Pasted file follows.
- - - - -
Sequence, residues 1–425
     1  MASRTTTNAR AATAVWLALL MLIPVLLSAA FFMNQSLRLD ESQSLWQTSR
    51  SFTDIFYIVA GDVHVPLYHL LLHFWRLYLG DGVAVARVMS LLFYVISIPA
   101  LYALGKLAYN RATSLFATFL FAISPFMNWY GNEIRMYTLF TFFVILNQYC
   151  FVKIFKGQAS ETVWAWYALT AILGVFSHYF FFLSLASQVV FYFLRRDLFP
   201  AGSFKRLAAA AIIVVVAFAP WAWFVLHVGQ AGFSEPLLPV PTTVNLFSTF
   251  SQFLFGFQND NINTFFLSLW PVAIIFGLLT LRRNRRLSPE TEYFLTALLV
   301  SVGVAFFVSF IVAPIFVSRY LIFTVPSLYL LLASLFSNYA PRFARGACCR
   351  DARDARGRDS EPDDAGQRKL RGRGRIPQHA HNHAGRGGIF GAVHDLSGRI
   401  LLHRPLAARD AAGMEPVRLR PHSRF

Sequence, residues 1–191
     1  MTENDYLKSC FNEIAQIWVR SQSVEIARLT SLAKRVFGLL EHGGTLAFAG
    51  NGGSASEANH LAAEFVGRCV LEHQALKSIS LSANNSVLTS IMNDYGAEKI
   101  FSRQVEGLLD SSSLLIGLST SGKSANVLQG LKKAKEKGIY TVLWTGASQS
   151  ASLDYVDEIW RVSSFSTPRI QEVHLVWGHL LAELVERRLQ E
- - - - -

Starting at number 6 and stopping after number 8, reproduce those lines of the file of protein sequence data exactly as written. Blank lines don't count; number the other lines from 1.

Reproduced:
   201  AGSFKRLAAA AIIVVVAFAP WAWFVLHVGQ AGFSEPLLPV PTTVNLFSTF
   251  SQFLFGFQND NINTFFLSLW PVAIIFGLLT LRRNRRLSPE TEYFLTALLV
   301  SVGVAFFVSF IVAPIFVSRY LIFTVPSLYL LLASLFSNYA PRFARGACCR